News and insights Press releases New EU climate policies could triple global demand for documented renewable electricity

New EU climate policies could triple global demand for documented renewable electricity

A new Ecohz report shows how the Carbon Border Adjustment Mechanism (CBAM) and the Corporate Sustainability Reporting Directive (CSRD) could generate billions of Euros for renewable energy worldwide.

Written by Ecohz
Published on 28 November 2023
Written by Ecohz
Published on 11 November 2023

The EU’s Carbon Border Adjustment Mechanism (CBAM) and the Corporate Sustainability Reporting Directive (CSRD) could almost triple the demand for documented renewable electricity documented with International Renewable Energy Certificates (I-RECs), a new analysis by Ecohz found. This can put the most geographically widespread Energy Attribute Certificate (EAC) market on track to generate 32 billion EUR in revenue for renewable electricity producers by 2030.

Ecohz analysed electricity usage in the production of aluminium and steel imported into the European Union, two key products covered by CBAM’s framework for pricing the emissions of carbon-intensive imports. In a conservative estimation, the study concluded that about 172 TWh of electricity per year must soon be documented as renewable to avoid producing taxable emissions.  

Unlike other European policies, the guidance documents for CBAM’s transitional period do not yet consider EACs valid proof of renewable energy consumption. However, Ecohz’ report found CBAM could increase the demand for I-RECs, used to track renewable energy outside Europe, by close to 165% by approving EACs for its definitive implementation, starting in 2026. 

Ecohz’ report also considers the effect of the CSRD, new legislation that mandates undertakings to report on their environmental impacts and risks. As opposed to CBAM in its current form, the CSRD instructs companies under its scope to report on energy consumption based on contractual instruments, such as I-RECs. It also covers the supply chains of European companies, which are often globally connected and could thus raise demand for I-RECs.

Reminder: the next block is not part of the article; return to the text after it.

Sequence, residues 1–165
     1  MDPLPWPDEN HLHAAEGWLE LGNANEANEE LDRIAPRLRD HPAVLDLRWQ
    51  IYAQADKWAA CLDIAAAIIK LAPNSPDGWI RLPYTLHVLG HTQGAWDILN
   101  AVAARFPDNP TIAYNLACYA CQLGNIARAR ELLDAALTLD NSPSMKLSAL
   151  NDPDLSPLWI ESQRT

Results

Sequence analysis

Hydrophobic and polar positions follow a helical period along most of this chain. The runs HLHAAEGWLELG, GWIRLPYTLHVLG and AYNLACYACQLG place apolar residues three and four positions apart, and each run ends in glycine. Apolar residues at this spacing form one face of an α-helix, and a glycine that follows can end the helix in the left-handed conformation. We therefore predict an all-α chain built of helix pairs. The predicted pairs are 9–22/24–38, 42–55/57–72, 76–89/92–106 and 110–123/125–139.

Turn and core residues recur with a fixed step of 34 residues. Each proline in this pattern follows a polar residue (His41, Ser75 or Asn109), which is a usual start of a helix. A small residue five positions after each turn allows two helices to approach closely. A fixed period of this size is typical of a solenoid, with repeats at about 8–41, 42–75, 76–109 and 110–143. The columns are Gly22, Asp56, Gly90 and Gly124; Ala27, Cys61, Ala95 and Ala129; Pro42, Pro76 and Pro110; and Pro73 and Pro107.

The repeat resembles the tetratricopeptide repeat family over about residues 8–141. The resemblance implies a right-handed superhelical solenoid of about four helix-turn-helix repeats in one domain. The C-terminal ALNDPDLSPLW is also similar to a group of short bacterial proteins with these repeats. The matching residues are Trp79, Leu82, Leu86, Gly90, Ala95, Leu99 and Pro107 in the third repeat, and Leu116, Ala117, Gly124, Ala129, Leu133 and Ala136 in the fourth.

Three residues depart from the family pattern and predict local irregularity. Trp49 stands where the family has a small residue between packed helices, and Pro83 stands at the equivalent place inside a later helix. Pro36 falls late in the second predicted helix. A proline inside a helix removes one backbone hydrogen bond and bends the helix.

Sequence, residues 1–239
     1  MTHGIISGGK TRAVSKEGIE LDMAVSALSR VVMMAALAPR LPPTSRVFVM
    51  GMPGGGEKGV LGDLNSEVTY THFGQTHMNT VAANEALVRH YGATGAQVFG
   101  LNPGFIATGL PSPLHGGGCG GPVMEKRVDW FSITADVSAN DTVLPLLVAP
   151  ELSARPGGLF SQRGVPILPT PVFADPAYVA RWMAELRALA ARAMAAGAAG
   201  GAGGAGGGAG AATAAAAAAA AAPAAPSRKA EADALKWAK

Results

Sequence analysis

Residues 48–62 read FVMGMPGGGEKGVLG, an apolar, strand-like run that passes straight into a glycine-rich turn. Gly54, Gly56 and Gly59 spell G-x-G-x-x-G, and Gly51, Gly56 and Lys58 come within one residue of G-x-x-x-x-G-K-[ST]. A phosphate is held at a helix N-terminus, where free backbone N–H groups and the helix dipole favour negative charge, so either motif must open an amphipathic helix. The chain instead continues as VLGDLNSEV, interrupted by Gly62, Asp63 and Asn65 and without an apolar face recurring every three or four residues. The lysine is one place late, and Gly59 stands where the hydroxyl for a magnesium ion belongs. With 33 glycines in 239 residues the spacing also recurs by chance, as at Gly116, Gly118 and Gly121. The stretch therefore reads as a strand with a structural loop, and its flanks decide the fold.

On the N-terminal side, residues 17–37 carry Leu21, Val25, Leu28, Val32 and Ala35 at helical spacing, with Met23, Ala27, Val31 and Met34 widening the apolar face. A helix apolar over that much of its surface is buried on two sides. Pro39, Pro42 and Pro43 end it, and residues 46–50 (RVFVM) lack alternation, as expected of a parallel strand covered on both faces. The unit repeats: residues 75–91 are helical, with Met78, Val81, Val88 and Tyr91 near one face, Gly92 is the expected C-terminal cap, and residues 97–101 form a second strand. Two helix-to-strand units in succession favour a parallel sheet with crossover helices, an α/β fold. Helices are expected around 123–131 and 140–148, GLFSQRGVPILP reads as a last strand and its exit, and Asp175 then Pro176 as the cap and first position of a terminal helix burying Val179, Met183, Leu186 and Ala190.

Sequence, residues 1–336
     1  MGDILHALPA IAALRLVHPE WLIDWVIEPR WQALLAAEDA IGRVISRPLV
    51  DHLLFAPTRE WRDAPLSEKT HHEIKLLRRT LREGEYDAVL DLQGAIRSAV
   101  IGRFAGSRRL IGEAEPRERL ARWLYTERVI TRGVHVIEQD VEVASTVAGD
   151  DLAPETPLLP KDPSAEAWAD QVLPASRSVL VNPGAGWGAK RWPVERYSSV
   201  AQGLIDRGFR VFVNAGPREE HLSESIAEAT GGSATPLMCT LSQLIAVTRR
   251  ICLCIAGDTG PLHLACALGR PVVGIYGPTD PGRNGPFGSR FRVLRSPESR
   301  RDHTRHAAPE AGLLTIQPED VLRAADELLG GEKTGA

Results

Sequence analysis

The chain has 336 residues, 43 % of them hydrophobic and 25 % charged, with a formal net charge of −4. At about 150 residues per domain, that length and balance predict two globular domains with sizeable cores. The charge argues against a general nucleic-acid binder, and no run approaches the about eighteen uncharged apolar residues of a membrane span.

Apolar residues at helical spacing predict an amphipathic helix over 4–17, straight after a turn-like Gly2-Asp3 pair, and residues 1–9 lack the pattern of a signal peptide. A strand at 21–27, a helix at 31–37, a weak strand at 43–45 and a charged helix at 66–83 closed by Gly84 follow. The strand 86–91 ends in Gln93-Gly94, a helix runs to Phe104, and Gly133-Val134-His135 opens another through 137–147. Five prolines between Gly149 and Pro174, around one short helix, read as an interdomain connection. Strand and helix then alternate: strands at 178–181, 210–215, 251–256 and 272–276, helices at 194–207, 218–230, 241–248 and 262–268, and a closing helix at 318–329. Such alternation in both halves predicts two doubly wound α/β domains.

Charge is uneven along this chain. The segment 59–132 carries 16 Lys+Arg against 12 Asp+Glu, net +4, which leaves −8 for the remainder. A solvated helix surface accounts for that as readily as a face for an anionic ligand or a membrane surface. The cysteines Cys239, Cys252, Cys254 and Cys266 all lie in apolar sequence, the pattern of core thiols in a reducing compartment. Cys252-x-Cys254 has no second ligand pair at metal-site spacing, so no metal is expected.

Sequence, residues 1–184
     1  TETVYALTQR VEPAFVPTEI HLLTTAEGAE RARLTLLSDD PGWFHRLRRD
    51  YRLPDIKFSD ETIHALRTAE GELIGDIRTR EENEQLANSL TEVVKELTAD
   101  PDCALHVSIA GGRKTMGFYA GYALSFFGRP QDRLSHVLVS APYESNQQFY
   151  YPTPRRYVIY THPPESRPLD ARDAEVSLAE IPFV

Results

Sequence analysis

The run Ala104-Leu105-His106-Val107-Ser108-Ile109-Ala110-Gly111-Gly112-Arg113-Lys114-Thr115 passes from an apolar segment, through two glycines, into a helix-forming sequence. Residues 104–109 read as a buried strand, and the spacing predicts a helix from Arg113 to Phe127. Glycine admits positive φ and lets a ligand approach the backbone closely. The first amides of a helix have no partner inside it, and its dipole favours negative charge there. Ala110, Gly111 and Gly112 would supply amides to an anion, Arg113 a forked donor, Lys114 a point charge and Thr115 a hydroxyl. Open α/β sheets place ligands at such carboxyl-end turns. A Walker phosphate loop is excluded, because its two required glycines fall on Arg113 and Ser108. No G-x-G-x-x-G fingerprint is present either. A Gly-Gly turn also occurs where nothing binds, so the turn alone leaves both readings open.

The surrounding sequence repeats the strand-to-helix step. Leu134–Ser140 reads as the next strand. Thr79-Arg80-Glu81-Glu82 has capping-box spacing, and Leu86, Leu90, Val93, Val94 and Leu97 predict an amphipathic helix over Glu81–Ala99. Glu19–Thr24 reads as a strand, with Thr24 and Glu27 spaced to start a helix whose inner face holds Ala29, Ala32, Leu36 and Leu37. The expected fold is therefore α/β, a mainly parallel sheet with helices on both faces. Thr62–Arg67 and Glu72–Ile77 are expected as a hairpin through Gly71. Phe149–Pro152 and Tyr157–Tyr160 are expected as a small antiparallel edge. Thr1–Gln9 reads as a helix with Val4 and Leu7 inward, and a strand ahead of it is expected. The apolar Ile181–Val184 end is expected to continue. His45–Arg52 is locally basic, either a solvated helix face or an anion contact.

CBAM and the CSRD are likely to have ripple effects across the globe as they push industries to decarbonise. How they do it, however, will determine the extent of their impact. By homogenising the use of EACs across policy areas, the European Commission can unlock a multi-billion Euro revenue source that increases the competitiveness of renewables worldwide. Conversely, excluding EACs would greatly limit the options of the non-European companies looking to comply with EU legislation, hindering the momentum of much-needed corporate action,” says Tom Lindberg, CEO of Ecohz.

Supported by CBAM and the CSRD, I-RECs could raise 32 billion Euros for renewable energy towards 2030 

Ecohz’ whitepaper projects that if CBAM, like the CSRD, approves the use of EACs, these synergetic policies could boost the revenue of clean electricity producers, generating close to 32 billion EUR in profits by 2030. 

The report compares two scenarios. The first estimates the revenue I-RECs can generate if the market develops following its historical growth rate. The second considers the potential effect of CBAM and the CSRD on the demand for and the price of I-RECs.

Revenue generated by International REC (I-REC)
Comparison of the potential revenue generated by International Renewable Energy Certificates (I-RECs). Scenario 2 factors in the effect of European climate policy on the demand for and price of I-RECs

In the first scenario, Ecohz projects I-RECs to raise close to 6 billion EUR between 2026 –when the definitive CBAM rules take effect – and 2030. The second scenario shows a potential revenue generation more than five times higher. 

The report concludes that harmonising CBAM and the CSRD around the use of market-based instruments can unlock a revenue stream worth billions of Euros for renewables worldwide. 



The Carbon Border Adjustment Mechanism (CBAM) is a policy framework that prices the carbon embedded in products imported into the EU. The CBAM quota will follow the weekly average price of allowances under the ETS.
Read more here.  

The Corporate Sustainability Reporting Directive (CSDR) strengthens the rules regarding the information companies should disclose on environmental and social impacts and risks. It expands the scope of entities that must report on sustainability, climate change, human rights, diversity, and other issues. 
Read more here.  

The International REC Standard Foundation (I-REC Standard) is a non-profit organization that provides a robust standard for developing attribute tracking systems worldwide, such as International Renewable Energy Certificates.
Read more here. 

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